>>>> controls, inline menus, simulated dialogs, and various visually
>>>> oriented
>>>> web page components that are easy to understand when looking at them,
>>>> but can be very unclear from a textual standpoint. This also comes into
>>>> play regarding screen real estate, where many companies do not want an
>>>> inordinate amount of textual information if a visual component will do
>>>> the trick and save valuable space.
>>>>
>>>> As an example of this, on HP.com, near the logo, there is some text
>>>> that
>>>> tells users what number to call for additional service. This is "Buy
>>>> online or Call 800-BUY-MYHP"
>>>>
>>>> Well, being blind myself, it is difficult for blind users to dial
>>>> letters on telephones. We conveyed this to HP, but reasonably enough,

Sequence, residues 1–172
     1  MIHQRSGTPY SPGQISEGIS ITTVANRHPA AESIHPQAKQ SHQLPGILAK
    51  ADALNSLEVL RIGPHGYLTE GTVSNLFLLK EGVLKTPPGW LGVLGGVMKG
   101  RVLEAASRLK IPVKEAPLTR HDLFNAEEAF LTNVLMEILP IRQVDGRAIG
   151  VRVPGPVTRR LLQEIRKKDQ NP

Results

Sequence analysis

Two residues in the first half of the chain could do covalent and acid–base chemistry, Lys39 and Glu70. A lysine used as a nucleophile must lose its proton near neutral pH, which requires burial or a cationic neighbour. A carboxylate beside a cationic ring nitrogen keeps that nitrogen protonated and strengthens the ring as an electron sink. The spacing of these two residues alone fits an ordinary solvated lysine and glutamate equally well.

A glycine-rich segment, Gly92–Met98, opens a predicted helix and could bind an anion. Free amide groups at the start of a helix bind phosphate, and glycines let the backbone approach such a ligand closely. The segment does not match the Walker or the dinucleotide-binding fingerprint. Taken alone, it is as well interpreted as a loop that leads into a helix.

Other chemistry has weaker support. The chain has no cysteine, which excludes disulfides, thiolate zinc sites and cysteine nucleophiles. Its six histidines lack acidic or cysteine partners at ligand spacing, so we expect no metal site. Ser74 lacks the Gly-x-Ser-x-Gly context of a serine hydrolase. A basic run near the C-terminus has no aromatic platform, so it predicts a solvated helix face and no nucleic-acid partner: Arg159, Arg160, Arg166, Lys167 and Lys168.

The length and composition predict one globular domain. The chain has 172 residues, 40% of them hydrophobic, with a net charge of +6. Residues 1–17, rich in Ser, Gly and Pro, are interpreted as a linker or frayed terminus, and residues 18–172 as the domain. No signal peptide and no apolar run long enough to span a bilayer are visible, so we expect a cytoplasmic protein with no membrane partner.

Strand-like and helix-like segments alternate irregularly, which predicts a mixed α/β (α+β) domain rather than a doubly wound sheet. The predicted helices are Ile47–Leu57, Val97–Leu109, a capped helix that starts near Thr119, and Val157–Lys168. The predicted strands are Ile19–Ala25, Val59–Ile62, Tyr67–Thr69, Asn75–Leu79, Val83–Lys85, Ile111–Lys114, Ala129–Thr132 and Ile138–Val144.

>>>> they thought that adding a second numerical telephone number would be
>>>> redundant information for sighted users. Instead, they added the
>>>> following hidden text for screen reader users: "(800-289-6947)" Which
>>>> appears directly after the first text string like so within a screen
>>>> reader: "Buy online or Call 800-BUY-MYHP (800-289-6947)"
>>>>
>>>> Hidden text can be very valuable in many situations.
>>>>
>>>> All the best,
>>>>
>>>> Bryan
>>> _______________________________________________
>>> dev-accessibility mailing list
>>> [hidden email]
>>> https://lists.mozilla.org/listinfo/dev-accessibility
>>
>
> _______________________________________________
> dev-accessibility mailing list
> [hidden email]
> https://lists.mozilla.org/listinfo/dev-accessibility
>